Battle of Belleau Wood, France: Now
Today, Belleau Wood is the site of a U.S. military cemetery and memorial dedicated to the troops who fought and died there. In the middle of the road running through the woods is a flagpole and marine monument, which was erected by the U.S. Marine Corps. The remains of trenches, shell holes and other war relics are still in the surrounding area.
Normandy, France: Then
The D-Day invasion of Normandy in German-occupied France was a huge turning point in World War II and signaled the beginning of the end of the Nazi party. On June 6, 1944, American, British and Canadian troops obliterated 50 miles of German coastline defenses. Code-named Operation Overlord, it was the largest maritime attack in military history.
Normandy, France: Now
Several memorials draw tourists to the site of the D-Day attacks, including the Normandy American Cemetery, Utah Beach Museum and the Overlord Museum in Arromanches. You can also take an educational tour that follows the tracks of the soldiers themselves. Various bunkers, entrenchments, utility roads and other reminders of the gruesome battle that took place exist to this day, and visitors from around the world turn out to commemorate D-Day there.
Ardennes, Belgium: Then
The so-called Battle of the Bulge was Germany’s last major offensive on the Western Front during World War II. According to the U.S. Department of Defense, more than 1 million Allied troops, including 500,000 Americans, fought in the Battle of the Bulge, with around 19,000 soldiers killed in action, 47,500 wounded and 23,000-plus missing. During 16 relentless weeks of fighting, about 100,000 Germans were killed, wounded or captured.
Ardennes, Belgium: Now
The picturesque town of Ardennes boasts huge swaths of forest and beautiful lakes, making it a scenic tourist attraction. It’s also home to various museums and memorials dedicated to the Battle of the Bulge. The American Cemetery and Memorial is the final resting place for 5,317 Americans, 65 percent of whom were fallen airmen of the U.S. Army Air Forces. Their headstones are arranged in straight rows that make the shape of a Greek cross.
Iwo Jima, Japan: Then
The Battle of Iwo Jima was a major World War II battle and one of the most epic in American military history. It saw the U.S. Marine Corps and Navy capture the island of Iwo Jima, located 750 miles off the coast of Japan, from the Imperial Japanese Army. The battle lasted for five weeks and resulted in tens of thousands of casualties on both sides.
Iwo Jima, Japan: Now
Decades after the war, Iwo Jima hasn’t moved on from the atrocities that took place there. It’s not unusual for workers and visitors to uncover human remains. In 2006, actor and director Clint Eastwood made two movies about the events on Iwo Jima — “Flags of Our Fathers” and “Letters from Iwo Jima,” the latter of which depicts the battle from the Japanese perspective.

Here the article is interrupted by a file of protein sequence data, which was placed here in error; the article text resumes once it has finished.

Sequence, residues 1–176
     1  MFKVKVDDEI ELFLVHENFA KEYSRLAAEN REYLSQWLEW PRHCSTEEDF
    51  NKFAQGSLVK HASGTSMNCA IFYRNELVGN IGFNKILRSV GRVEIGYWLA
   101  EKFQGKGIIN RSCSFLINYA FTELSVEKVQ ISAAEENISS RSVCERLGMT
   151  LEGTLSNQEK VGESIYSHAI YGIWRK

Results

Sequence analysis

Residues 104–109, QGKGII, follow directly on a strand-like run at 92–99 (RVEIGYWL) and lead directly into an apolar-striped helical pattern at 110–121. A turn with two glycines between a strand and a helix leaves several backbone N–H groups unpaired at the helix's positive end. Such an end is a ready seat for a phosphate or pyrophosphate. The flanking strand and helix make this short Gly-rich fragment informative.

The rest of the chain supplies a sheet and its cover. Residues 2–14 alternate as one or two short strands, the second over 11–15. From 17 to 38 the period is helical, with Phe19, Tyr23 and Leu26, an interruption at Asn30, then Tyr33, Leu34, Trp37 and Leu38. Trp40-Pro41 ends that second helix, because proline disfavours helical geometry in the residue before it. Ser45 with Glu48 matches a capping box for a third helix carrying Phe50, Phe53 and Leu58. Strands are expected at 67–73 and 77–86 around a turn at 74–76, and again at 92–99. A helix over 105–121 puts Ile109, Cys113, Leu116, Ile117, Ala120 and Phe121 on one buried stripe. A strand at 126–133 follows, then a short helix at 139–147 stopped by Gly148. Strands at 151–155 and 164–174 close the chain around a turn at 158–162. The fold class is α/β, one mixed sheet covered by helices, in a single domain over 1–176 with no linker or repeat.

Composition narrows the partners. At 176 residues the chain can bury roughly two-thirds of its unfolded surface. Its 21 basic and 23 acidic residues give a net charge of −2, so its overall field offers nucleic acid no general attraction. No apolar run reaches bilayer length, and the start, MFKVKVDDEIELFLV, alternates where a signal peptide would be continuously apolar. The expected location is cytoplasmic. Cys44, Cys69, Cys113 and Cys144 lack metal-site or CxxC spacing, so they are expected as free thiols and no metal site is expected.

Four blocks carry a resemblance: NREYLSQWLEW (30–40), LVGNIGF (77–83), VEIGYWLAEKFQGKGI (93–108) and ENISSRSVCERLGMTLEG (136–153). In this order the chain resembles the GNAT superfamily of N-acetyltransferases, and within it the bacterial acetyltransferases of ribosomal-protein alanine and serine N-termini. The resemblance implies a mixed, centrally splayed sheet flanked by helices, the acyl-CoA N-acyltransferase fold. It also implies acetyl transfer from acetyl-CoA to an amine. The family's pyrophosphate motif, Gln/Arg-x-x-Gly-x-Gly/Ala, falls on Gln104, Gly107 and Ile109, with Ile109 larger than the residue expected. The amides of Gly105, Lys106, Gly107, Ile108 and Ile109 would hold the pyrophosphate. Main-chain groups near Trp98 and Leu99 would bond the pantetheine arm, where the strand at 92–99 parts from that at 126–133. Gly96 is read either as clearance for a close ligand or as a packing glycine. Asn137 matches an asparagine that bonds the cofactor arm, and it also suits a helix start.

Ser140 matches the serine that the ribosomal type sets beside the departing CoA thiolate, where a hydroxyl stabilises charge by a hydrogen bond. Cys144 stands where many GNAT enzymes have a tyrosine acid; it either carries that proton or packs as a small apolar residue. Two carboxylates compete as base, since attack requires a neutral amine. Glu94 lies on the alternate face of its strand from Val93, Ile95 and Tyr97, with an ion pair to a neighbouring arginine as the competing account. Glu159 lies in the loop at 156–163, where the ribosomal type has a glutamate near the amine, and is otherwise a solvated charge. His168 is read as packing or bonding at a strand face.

Battle Of Okinawa: Then
The Battle of Okinawa (code name; Operation Iceberg), was the last major battle of World War II, as well as one of the most ferocious in the Pacific campaign. Fought by the U.S. Marine and Army forces against the Imperial Japanese Army, Okinawa resulted in more than 100,000 civilian casualties as well as the loss of 12,520 U.S. troops and about 110,000 Japanese soldiers. Japanese troops often chose to die by suicide rather than be taken prisoner by the Americans.
Battle Of Okinawa: Now
Today, Okinawa thrives as a tourist hotspot. It still has a huge American military presence, but as part of a collaboration with modern Japan rather than an occupying force. Many memorials, monuments and museums are dedicated to the battle and serve to honor the many civilians who were collateral damage of the brutal fighting.
Battle of Huế: Then
The 1968 Battle of Huế, also called the Siege of Huế, was one of the longest, most brutal campaigns of the Vietnam War. Launched by North Vietnam and the Việt Cộng in the Tết Offensive, it lasted for several weeks and had a profound effect on public opinion of the war — both in the U.S. and in South Vietnam. Nonetheless, the Vietnam War continued for another seven years.
Battle of Huế: Now
The city of Huế, located along the Perfume River, is now a destination of fascination for visitors to Vietnam. A place of natural beauty and rich culture, it’s home to tourist attractions like the Forbidden Purple City (once the emperor’s home), a replica of the Royal Theater and the palaces and shrines of the Imperial City. The Meridian Gate, also known as the South Gate, was built in 1833 by emperor Minh Mang and is at the entrance to the Imperial City.
Baghdad, Iraq: Then
In 1991, during the Gulf War, U.S., British and allied troops launched bombs and missiles at various targets across Iraq. Baghdad, the capital city, was heavily hit, with many civilian casualties. Overall, the Iraqi death toll from the 1990-1991 war is estimated to be 60,000 to 200,000 soldiers, plus another 100,000 to 200,000 civilians.
Baghdad, Iraq: Now
Following another invasion of Iraq in 2003, which toppled Saddam Hussein’s government, the country remains in a state of conflict. Baghdad is still a place of great political turmoil, with a high threat of terrorist attacks and kidnapping. In November 2020, protesters against government corruption gathered throughout the city demanding resignations.
Sangin, Afghanistan: Then
The Afghan War began in 2001, when the U.S. and its allies invaded Afghanistan following the 9/11 terrorist attacks on the World Trade Center in New York by members of Islamist militant group Al-Qaeda (most of whom were Saudi nationals). The Taliban was driven from power, but only after numerous bloody battles. One of the most deadly was in Sangin, one of the most heavily-populated districts in Helmand Province, where American and British forces both lost more than 100 service people.
Sangin, Afghanistan: Now
In 2017, the Taliban finally managed to capture and hold Sangin, after many years of fighting. However, the attacks continued, and in 2019, at least 40 security force members were killed in Sangin District. A new government was formed in May 2020, but it seems that peace and security are still years away for this nation.